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Children's Continuing Care Arrangements

To discuss Children's Continuing Care and whether it might be appropriate for your child or young person please contact your Children’s Community Nurse or ring the team in your area for advice.

This NHS Continuing Healthcare and NHS-funded Nursing Care leaflet [PDF 5,258KB] is a guide for individuals who may be in need of ongoing care and support from health and social care professionals as a result of disability, accident or illness, and explains the process used to determine whether the individual is eligible for care funded entirely by the NHS.

Continuing Care for Children and Young People

Some children and young people (up to age 18), may have very complex health needs. These may be the result of:

  • congenital conditions
  • long-term or life-limiting conditions
  • disability
  • serious illness or injury

Children with such complex needs may need additional health support to that which is routinely available from GP practices, hospitals or in the community.

This additional package of care is called continuing care. The clinical commissioning group, which is responsible for arranging for health services locally, has responsibility for assessing children and young people to see if they need a package of continuing care.

Who is eligible?

Any child or young person up to their 18th birthday who has a complex health need may be eligible. When a young person reaches 18, the adult NHS Continuing Healthcare arrangements apply.

There are significant differences between children and young people’s continuing care and NHS Continuing Healthcare for adults. Although a child or young person may be in receipt of a package of continuing care, they may not be eligible for NHS Continuing Healthcare. The Clinical Commissioning Group (CCG)  will assess any young person in receipt of continuing care when they are aged 16-17, to see if they are likely to be eligible for NHS Continuing Healthcare when they turn 18.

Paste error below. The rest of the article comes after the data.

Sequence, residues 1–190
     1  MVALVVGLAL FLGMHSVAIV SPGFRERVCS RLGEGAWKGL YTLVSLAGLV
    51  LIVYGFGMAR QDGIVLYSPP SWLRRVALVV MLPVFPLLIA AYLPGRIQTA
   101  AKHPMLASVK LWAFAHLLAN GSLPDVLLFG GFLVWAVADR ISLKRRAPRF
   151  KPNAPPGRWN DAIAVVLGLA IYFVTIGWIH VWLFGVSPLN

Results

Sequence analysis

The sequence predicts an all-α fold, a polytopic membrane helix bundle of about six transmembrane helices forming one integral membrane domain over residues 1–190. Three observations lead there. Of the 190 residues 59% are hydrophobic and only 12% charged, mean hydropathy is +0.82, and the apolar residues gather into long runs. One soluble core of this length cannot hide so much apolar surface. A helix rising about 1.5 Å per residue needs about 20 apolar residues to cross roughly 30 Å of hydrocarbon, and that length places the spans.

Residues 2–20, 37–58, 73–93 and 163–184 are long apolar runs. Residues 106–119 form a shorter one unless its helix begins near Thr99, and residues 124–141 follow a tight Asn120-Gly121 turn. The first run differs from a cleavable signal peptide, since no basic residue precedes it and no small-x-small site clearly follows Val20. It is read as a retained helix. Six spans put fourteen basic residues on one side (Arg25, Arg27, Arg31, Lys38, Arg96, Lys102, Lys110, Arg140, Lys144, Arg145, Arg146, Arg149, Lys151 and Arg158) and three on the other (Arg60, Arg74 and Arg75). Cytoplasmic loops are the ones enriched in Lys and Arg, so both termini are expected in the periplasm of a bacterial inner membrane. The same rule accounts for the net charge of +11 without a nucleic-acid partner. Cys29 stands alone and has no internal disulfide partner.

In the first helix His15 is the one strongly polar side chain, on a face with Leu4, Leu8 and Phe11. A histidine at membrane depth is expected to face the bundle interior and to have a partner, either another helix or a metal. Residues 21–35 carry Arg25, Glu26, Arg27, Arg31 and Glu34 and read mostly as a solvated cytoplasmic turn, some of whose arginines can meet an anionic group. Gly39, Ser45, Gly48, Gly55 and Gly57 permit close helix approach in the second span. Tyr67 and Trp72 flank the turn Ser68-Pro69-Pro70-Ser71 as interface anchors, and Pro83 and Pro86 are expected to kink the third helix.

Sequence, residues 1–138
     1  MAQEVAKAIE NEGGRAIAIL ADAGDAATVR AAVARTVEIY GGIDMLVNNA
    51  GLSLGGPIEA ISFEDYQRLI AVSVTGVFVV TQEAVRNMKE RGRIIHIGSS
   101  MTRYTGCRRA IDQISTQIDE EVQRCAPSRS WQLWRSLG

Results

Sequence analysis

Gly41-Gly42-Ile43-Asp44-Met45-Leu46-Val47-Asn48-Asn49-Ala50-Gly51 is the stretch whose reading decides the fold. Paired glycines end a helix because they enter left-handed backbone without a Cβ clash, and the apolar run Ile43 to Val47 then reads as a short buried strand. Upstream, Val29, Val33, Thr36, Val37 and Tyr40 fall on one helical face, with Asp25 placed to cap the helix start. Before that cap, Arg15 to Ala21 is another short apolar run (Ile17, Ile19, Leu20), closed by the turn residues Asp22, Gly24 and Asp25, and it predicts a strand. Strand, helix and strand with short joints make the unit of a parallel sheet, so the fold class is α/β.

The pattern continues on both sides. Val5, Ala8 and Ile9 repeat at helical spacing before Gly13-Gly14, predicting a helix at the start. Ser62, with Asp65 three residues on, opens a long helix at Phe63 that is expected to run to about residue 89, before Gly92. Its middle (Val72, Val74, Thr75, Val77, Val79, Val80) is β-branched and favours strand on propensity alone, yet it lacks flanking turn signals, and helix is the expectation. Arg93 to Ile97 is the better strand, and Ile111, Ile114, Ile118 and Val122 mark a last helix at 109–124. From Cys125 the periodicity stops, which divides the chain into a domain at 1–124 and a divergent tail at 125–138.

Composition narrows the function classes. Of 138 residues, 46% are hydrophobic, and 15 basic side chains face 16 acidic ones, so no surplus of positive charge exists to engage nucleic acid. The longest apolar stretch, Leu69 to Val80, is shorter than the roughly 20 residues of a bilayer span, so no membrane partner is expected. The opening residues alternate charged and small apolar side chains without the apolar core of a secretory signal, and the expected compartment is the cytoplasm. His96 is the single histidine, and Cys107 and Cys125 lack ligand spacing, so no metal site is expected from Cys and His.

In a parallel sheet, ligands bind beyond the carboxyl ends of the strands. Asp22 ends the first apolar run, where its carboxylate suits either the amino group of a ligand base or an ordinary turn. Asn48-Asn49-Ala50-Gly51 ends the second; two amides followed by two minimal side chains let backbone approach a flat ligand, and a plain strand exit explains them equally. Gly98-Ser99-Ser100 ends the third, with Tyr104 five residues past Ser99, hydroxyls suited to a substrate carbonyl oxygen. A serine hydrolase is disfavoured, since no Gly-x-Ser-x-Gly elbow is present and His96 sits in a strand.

How can I access continuing care?

A referral can be made by any health professional or carer who feels a continuing care package may be required. A health assessor will then collect evidence of the child’s needs, drawing on the advice of health and care professionals. 

The assessment will look at the current care being provided but a decision on whether or not a child or young person has a continuing care need is based on the nature of their needs, rather than the care available, or whether or not they have a particular condition.

For more information and how to apply for Continuing Health Care in your area of Cumbria call:

  • Allerdale & Copeland: 01900 705 822
  • Carlisle & Eden: 01228 608 325

What happens next?

The health assessor will make a case to a panel of experts, who decide based on the evidence, and the recommendation, if the child or young person has a continuing care need. A decision is usually made 6-8 weeks from referral. Depending on the decision, a package of care is then agreed; some of this care may be provided through existing services; some may need to be specially arranged.

The package of care will be reviewed regularly to ensure the developing child or young person’s needs continue to be supported.

A child or young person’s eligibility for continuing care may change as their needs change.

Personal Health Budgets

Anyone who is eligible for continuing care, may be eligible for a personal health budget. A personal health budget is provided by the NHS to parents and carers who look after children with complex needs and it allows NHS money to be used flexibly, giving families more control over funding, to better meet their child's health and well-being needs. Families should speak with their continuing care case manager if this is something that they would like more information on.

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